How to take a great photograph of a fireworks display
Achieving good photographs of firework displays isn’t just a matter of taking snapshots with a smartphone, but with a little […]
Each month we will feature a member of the Titanium team, we’ve given some hints about each team member on our “meet the team” page. This is a chance to find out more in our Meet the Team blog posts.
This Month: Darryl Fleming
Darryl can trace his firework heritage back to 1986. As a trained surveyor Darryl’s feet are firmly on the ground but he is happiest when he is creating designs on or around iconic structures such as the Olympic Stadium, Big Ben and most recently The London Eye. Few would argue that Darryl continues to be a major influence in firework display design in the UK with a long list of credits to his name.
Favorite career moment to date
Pushing the button when HM the Queen declared the London 2012 Olympic Games open and the 20 second pyrotechnic sequence chased around the stadium signalling the successful culmination of 10 months of planning and preparation. It just got better and better after that.
What do you most enjoy about your Job
The events industry is very diverse and fireworks are no different. No show is the same even when firing at the same venue. The best thing about what I do is the many places I have visited and worked at, often giving me unparalleled access that members of the public never normally get to visit. From climbing up the leg of the London Eye and standing on the crow’s nest of the hub, fixing pyrotechnics to Big Ben or Tower Bridge, firing from the monorail in front of the Atlantis Palm in Dubai or getting the best seat in the house stood on the gantry above the royal box for the Olympic and Paralympic Ceremonies. One thing is guaranteed that this job is far from boring or predictable.
What aspect of your job do you least enjoy
The worst bit for me is the last hour or so prior to the show, especially on the larger more high profile displays like London’s New Year’s Eve which has a live audience of over 250,000 and a broadcast audience of over 13 million, and the firing time is strictly defined with no flexibility. During the set up I have relied on a very experienced and competent crew who undertake their roles and responsibilities so that we are ready to fire on time. The last hour waiting for show time can be excruciating with so many external factors which can affect the display, least of all the wind. The responsibility is very intense and there is really only one head on the block if it does not go according to plan. A blank screen on BBC 1 at midnight is not an option, a mistake on this level can be very public and everyone will know instantly that I have had a bad day at the office. As soon as the first thud of the lift from the first shell fires, the fear and anxiety disappear and are replaced with exhilaration and a huge surge of adrenalin.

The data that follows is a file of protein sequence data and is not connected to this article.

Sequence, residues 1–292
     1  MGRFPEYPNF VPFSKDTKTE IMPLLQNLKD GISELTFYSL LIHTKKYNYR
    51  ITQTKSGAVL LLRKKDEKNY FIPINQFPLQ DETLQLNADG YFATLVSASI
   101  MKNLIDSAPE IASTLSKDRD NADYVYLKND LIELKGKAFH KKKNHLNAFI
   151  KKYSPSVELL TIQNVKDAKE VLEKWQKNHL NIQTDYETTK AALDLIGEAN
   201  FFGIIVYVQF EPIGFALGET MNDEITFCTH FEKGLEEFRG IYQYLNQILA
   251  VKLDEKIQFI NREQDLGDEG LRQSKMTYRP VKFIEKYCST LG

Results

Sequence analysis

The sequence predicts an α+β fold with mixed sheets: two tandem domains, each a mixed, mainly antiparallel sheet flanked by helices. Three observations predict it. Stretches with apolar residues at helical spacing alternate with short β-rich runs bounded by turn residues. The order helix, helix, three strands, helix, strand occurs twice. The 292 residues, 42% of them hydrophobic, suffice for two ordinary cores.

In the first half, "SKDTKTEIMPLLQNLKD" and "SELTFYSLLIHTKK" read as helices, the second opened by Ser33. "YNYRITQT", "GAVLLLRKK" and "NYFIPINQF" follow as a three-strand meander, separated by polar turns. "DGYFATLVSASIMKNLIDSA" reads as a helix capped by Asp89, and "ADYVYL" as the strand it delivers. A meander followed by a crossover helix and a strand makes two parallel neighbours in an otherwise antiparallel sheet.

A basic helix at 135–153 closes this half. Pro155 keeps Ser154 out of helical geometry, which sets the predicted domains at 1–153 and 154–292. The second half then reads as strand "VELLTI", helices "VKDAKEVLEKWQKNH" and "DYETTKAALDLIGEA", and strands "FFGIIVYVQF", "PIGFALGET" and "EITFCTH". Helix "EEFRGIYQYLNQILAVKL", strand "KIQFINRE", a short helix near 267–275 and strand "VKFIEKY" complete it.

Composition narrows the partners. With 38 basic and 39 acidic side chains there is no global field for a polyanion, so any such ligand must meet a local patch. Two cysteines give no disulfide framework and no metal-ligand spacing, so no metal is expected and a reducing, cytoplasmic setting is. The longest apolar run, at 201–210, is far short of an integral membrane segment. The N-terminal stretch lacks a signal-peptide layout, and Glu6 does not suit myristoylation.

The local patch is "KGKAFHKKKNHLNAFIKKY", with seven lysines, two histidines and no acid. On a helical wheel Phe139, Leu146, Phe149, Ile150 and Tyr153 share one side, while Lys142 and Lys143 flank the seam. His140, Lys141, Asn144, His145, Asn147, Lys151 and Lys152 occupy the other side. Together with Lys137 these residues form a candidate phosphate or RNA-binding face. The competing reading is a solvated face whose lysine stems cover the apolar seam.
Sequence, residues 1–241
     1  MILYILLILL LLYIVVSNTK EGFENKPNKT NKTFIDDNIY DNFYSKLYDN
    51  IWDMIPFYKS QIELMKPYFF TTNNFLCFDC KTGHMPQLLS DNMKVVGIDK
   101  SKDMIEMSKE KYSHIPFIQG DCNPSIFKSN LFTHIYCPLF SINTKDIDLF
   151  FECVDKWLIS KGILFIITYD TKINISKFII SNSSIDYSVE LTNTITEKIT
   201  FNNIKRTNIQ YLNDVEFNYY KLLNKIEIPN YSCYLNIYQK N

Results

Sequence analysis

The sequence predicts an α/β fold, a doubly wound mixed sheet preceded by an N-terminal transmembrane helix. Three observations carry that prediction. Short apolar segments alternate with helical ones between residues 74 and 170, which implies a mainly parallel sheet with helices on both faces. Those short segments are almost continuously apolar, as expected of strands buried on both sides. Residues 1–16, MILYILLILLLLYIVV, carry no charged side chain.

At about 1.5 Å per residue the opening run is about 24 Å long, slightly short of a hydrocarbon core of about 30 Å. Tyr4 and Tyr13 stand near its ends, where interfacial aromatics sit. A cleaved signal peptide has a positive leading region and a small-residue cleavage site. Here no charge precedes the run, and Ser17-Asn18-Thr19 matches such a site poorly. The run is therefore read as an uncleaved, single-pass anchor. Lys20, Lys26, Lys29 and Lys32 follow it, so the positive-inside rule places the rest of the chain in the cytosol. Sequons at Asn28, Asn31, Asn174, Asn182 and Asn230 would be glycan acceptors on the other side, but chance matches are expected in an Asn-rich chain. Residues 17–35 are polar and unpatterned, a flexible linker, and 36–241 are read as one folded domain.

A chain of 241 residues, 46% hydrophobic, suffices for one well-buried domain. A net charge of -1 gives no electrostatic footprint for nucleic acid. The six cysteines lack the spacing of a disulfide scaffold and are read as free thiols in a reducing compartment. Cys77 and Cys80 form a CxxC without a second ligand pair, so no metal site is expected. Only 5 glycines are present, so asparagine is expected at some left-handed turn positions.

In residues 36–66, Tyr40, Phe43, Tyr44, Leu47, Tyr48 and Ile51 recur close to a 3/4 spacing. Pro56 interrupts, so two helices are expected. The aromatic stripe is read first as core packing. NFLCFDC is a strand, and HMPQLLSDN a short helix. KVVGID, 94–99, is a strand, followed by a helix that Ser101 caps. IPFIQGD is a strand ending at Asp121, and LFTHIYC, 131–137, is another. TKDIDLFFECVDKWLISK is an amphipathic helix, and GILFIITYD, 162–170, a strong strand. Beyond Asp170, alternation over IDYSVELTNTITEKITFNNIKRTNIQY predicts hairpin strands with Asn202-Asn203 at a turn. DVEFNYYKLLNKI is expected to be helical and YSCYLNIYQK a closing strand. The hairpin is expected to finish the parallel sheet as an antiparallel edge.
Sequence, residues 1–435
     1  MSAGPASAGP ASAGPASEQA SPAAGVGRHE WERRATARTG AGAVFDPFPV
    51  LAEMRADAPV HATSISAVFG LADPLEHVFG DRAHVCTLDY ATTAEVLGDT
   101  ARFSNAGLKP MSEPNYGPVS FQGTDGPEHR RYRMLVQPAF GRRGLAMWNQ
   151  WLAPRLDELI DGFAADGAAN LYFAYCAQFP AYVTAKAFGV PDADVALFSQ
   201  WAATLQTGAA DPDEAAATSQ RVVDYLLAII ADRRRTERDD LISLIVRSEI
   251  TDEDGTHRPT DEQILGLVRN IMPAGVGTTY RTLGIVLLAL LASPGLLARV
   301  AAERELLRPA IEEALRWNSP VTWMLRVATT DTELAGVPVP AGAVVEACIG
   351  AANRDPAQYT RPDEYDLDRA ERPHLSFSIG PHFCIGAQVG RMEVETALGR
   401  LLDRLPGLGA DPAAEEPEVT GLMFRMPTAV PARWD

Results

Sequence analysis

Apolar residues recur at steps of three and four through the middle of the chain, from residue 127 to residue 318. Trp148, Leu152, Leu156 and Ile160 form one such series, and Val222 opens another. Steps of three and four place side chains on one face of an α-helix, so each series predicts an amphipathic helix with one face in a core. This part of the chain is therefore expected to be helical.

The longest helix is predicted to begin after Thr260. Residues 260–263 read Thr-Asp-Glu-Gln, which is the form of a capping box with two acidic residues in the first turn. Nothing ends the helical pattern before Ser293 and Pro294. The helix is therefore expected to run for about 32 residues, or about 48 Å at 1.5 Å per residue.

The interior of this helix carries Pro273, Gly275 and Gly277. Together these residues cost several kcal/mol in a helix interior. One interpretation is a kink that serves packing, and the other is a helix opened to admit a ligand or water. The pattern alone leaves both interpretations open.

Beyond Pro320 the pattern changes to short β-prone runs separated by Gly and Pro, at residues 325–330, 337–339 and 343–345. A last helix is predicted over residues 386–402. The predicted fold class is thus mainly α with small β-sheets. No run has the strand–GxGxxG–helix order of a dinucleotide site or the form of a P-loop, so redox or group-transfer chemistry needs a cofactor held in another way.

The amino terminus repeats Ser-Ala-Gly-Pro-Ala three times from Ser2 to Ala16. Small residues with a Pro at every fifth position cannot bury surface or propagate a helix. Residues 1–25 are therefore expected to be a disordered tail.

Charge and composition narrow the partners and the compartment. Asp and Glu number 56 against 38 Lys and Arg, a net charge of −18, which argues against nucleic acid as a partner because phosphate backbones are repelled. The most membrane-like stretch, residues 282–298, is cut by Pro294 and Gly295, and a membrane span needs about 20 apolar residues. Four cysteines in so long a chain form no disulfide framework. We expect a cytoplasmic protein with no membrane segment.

Favorite Project to have worked on:
It would have to be the London 2012 Olympic Ceremonies; it does not get any bigger than the Olympic Games. The pressure is immense but when you get it right, so is the pay off. The best thing about working on this project was the fact that there were four ceremonies to deliver, with an opening and closing ceremony for both the Olympic and Paralympic Games. The best ceremony for me was the Olympic Closing, with the opening behind me the pressure was slightly lifted and the ability to relax and enjoy the show was easier. Overall the Olympics offered some amazing and unique opportunities, least of all the privilege to design and choreograph a live show with such names as The Arctic Monkey’s, Queen, The Who and Coldplay. It really was a once in a lifetime experience with some challenges which I have learnt a huge amount from and the memories will live on for many years to come.
Favorite photo from the Titanium Firework Portfolio:
The moment that you know it is all working and I can relax a little, this image is taken exactly one second after midnight 2014, on the first bong of Big Ben, the fireworks erupt from all the inner and outer positions of the London Eye with barrages of shells firing from the three barges moored in the River Thames. This image for me symbolizes far more than just another photograph of a firework display which I have designed, it is the culmination of a lifetimes work to be given the opportunity and trust to deliver a prestigious display such as the capital’s new year celebrations.
How would your colleagues describe working with you?
I wish his dictionary included the phrase – “sorry that just isn’t possible”
What is one thing you absolutely will check off your “bucket” list:
I would like to complete my private pilot’s license. Flying was my first obsession and the experience of flying solo is one that is both liberating and exciting. I have flown solo in a glider many years ago, but I would like to achieve my PPL so that I can renew my early passion.
If you could go any where in the world where would you go and why:
South Africa, visit Cape Town again and travel the garden route. I have only been to South Africa once for my honeymoon and we only stayed in Cape Town for 3 days, then a Safari and finally a beach holiday. Three days was just too short, we have promised each other that we will go back to again and spend the entire two weeks in South Africa.
Rigging fireworks on the Arcelor Mittal Orbit, Olympic Park
Creating firing scripts for London New Year’s Eve 2014
One of my proudest moments, Rio’s handover section of the London 2012 Closing Ceremony